By Ernie Palladino
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One of the last views the Patriots had of the Giants was Mario Manningham streaking down the Lucas Oil Stadium sideline for the 38-yard catch that set up Ahmad Bradshaw’s 6-yard, Lombardi Trophy-winning touchdown run in Super Bowl XLVI.

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Seeing it from the Giants’ current vantage point, that victory seems light years away. As the Pats come into MetLife Stadium Sunday at 8-0, certainly not an atypical record for them, the 5-4 Giants sit on the cusp of turning around their fortunes since that second Super Bowl win in the Tom Coughlin era.

If the Giants are ever going to put together a “game of the year” effort, this would be a great time to do it.

They haven’t had one of those in a while. Except for the handful of folks who have taken up residence in a cave, everyone knows that the three seasons since 2011 have been anything but fulfilling. No playoffs, two straight outright losers and a 9-7 mark in 2012 which qualified them for nothing except an early baggie day.

So, with a bye week coming up, with all its inherent benefits of physical rest and emotional relaxation, getting a nice, shiny win against Bill Belichick’s undefeated squad would certainly add a few more PSI of oxygen to Coughlin’s muddy group. Or at least for the ones who remain on two feet, a typically ever-shrinking club given MLB Jon Beason’s and DT Jonathan Hankins’ recent moves to injured reserve.

Note that those moves came on defense, a unit that could ill-afford to lose personnel considering the season-long issues it’s had stopping opponents. Defensive coordinator Steve Spagnuolo undoubtedly has worked overtime to come up with something to at least hold down an offense that has scored in the 20s only twice this season. And no, the other six games haven’t ended with little scores.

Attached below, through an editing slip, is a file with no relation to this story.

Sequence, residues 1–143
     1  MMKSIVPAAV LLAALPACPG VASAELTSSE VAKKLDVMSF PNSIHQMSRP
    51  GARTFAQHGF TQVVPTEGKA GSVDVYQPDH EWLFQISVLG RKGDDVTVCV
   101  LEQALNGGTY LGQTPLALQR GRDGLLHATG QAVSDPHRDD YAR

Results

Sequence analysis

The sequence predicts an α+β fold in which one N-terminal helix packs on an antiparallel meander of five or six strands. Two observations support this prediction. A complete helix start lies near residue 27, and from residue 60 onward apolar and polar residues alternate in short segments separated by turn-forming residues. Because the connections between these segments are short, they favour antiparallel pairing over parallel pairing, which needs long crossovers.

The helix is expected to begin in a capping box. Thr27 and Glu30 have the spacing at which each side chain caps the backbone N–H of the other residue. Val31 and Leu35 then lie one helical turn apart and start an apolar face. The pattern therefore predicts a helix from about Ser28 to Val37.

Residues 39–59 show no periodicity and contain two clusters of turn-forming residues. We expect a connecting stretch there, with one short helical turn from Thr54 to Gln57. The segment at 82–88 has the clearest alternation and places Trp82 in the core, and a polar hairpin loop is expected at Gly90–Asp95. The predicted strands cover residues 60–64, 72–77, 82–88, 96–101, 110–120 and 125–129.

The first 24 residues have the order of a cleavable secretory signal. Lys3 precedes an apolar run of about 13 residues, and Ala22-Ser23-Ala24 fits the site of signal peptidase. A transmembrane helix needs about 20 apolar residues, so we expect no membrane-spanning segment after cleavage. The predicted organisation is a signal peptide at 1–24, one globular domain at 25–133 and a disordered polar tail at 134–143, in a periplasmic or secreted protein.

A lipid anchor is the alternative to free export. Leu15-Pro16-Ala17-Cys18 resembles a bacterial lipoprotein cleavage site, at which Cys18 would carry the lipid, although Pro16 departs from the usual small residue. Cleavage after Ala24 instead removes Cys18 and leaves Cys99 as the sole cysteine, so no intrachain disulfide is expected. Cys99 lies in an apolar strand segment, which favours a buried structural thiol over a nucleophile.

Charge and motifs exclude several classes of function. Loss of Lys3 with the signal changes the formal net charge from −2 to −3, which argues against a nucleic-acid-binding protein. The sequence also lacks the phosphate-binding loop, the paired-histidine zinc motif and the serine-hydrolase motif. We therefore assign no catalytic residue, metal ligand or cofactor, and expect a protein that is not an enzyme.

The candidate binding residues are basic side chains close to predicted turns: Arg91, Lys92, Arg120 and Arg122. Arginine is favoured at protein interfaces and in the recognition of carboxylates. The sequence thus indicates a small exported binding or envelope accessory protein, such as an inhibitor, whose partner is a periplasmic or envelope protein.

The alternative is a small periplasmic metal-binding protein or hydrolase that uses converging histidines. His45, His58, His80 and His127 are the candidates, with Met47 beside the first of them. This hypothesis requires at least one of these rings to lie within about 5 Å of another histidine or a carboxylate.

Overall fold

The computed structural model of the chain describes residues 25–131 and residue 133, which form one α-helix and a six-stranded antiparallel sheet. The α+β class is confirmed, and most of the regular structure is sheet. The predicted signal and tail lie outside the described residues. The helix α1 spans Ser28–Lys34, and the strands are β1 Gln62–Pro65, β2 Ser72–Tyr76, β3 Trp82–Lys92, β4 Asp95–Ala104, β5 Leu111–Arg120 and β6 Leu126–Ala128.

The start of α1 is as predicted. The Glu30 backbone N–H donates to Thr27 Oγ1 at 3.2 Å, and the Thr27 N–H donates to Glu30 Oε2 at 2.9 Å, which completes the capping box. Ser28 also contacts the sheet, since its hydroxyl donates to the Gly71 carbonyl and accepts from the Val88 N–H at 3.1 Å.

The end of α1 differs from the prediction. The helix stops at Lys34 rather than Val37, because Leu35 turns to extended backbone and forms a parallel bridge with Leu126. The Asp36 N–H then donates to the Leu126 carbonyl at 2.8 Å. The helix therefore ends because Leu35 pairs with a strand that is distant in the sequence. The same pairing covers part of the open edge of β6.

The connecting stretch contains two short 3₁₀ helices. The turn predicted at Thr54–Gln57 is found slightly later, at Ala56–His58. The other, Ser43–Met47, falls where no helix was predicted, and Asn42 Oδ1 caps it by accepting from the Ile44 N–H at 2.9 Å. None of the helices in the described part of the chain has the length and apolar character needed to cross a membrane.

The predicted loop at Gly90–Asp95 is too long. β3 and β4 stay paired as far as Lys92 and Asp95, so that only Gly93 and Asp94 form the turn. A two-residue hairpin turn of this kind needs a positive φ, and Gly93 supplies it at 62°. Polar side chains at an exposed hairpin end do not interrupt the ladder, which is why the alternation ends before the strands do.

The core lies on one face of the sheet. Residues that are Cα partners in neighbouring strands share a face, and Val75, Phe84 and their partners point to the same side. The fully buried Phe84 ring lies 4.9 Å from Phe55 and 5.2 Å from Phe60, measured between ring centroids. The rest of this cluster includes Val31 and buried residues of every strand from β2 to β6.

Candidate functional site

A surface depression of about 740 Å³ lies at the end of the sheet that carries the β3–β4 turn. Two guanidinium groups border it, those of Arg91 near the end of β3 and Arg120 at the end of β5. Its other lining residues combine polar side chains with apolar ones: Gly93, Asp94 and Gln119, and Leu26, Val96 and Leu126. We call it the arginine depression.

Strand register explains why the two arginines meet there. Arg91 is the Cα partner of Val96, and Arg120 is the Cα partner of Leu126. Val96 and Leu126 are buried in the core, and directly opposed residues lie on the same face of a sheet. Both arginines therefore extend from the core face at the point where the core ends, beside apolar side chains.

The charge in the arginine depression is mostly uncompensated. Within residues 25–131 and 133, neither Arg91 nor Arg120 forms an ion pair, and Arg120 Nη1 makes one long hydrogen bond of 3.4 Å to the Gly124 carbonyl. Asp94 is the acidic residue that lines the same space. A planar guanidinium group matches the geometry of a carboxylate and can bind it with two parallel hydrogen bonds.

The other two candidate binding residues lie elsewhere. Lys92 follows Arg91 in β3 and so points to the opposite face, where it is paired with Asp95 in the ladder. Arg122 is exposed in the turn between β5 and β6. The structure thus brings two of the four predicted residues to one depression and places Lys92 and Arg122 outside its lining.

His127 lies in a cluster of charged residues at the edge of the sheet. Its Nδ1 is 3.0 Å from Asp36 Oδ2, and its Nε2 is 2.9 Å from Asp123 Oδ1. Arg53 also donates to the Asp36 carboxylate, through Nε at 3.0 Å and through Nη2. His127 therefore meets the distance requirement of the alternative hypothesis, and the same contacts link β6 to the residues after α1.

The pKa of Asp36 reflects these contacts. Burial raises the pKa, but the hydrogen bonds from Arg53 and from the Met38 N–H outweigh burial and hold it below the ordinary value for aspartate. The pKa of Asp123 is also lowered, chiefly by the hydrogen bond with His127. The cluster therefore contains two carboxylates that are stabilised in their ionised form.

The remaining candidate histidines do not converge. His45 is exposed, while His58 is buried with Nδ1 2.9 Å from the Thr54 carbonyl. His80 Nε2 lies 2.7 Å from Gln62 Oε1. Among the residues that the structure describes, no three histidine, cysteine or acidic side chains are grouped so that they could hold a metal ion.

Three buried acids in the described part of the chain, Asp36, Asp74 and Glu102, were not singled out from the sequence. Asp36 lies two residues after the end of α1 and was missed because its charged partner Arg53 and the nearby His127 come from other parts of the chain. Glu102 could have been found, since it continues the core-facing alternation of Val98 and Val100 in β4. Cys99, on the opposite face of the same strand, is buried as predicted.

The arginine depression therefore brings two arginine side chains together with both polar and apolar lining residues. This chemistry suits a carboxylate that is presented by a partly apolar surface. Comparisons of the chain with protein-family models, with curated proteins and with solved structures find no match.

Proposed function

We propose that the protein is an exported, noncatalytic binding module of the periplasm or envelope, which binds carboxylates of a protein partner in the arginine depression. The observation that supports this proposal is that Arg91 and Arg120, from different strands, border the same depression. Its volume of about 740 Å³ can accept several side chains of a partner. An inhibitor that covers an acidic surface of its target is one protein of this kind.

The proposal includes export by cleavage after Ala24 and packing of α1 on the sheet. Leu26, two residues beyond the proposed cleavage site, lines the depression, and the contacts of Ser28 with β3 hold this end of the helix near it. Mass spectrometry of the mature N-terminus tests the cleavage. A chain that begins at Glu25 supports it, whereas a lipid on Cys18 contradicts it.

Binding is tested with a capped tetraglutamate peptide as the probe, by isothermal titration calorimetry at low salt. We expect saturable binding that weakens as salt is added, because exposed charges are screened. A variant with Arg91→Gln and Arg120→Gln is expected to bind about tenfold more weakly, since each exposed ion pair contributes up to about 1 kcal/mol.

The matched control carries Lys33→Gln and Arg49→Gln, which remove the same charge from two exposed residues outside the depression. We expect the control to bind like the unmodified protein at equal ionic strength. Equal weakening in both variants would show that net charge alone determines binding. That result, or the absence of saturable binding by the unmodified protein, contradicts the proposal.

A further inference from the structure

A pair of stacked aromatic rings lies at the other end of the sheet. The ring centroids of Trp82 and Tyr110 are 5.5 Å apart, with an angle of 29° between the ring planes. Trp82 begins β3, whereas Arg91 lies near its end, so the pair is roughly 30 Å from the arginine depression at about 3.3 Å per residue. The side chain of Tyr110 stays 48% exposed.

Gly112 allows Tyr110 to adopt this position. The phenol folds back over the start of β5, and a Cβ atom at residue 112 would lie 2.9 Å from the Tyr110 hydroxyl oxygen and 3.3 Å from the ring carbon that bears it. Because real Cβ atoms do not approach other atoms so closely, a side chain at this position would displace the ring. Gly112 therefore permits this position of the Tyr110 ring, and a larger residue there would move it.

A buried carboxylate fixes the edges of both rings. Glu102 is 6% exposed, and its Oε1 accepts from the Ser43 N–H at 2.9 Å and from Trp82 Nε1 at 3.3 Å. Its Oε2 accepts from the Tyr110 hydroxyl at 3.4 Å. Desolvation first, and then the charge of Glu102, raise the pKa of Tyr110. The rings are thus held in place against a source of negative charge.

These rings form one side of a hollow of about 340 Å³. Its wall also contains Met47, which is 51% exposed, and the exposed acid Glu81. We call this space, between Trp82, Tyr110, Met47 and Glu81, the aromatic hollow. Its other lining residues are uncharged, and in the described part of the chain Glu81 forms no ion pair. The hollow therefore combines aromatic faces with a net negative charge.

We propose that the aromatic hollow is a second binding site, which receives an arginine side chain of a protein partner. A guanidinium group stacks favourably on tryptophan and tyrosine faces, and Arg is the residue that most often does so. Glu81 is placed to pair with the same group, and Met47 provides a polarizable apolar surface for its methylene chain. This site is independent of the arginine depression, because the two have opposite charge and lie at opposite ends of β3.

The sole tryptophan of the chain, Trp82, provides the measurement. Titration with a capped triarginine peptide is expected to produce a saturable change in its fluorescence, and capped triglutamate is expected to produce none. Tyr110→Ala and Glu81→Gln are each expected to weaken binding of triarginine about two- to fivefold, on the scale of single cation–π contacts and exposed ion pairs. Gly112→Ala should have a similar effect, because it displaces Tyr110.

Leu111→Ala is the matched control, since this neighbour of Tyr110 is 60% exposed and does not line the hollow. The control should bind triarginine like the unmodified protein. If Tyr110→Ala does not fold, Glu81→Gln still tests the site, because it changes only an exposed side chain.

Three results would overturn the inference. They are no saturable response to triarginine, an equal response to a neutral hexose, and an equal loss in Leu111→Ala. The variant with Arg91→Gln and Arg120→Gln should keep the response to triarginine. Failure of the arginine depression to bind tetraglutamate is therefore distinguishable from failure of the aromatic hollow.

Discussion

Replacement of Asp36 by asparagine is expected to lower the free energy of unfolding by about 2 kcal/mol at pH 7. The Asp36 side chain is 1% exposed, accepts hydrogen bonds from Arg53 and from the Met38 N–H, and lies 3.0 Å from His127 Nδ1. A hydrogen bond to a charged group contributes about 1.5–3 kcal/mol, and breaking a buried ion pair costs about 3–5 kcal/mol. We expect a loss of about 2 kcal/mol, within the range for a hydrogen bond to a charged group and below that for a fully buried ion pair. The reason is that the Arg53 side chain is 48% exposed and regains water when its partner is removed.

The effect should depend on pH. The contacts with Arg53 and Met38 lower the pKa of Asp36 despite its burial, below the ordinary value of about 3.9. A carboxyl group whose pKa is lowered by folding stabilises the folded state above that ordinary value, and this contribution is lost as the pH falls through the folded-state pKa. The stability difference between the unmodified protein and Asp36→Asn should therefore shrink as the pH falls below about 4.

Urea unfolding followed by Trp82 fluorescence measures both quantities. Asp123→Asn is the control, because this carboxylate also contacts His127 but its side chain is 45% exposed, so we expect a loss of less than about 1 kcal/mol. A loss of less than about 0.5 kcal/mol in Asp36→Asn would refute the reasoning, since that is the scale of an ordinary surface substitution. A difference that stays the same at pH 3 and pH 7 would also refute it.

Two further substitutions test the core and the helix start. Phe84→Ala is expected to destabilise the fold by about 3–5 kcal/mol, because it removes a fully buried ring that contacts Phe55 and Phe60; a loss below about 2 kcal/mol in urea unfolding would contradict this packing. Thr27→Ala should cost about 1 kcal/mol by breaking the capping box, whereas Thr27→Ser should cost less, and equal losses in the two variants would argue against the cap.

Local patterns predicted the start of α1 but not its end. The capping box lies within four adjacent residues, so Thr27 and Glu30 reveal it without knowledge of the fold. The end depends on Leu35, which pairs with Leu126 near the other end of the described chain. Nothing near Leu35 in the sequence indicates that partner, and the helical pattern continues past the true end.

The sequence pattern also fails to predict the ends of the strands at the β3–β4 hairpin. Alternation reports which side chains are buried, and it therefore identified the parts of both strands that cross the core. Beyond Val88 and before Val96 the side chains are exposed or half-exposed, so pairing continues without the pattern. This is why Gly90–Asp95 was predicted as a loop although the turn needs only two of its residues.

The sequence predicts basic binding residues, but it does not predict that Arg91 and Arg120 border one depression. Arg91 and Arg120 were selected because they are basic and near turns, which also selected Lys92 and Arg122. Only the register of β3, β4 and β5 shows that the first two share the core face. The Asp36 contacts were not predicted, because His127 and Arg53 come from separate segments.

Forty against Buffalo.

Fifty-one against Jacksonville.

Thirty against Dallas.

Thirty-four against Indianapolis.

Thirty against the Jets.

Thirty-six against Miami.

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Those are numbers the Giants’ offense only dreams about. They hit 32 last week against Tampa Bay, but that was only because Trevin Wade returned a fumbled razzle-dazzle play for a touchdown as the clock ran out. If there was ever a time for Eli Manning to repeat his six-touchdown performance in New Orleans, this would be the game.

Teams just don’t beat the Patriots and Tom Brady with 28 points.

Unless, of course, Spagnuolo finds a chunk or two of kryptonite to vanquish the whole Brady-Rob Gronkowski-Julian Edelman Axis of Terror the Pats have going on.

It’s not impossible. Spagnuolo has done it before, in his first go-around with the Giants. His scheme was the one that ruined Brady and company’s bid for undefeated history in Super Bowl XLII. Well, that and David Tyree’s helmet. But then, Spagnuolo did have Michael Strahan, Osi Umenyiora, Justin Tuck and Antonio Pierce leading the way.

Now he has to try it with a nine-fingered Jason Pierre-Paul, Robert Ayers, Jr., and some kids — Kerry Wynn, Devon Kennard and Landon Collins.

Not exactly the ‘85 Bears, right?

Still, stranger things have happened.

A fumble? A pick? A sack?

One break may be all the defense needs.

Then, it’s up to Manning, Odell Beckham, Jr., and a backfield whose four-player rotation numbers more like a Senate subcommittee than any coherent rushing unit.

But this is what the Giants have. They’ve had less this season, and they’ve still won more than they’ve lost.

If they make it ugly enough on defense, and pretty enough on offense, they might just have a chance.

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It’s not impossible. They just need to play the game of the year.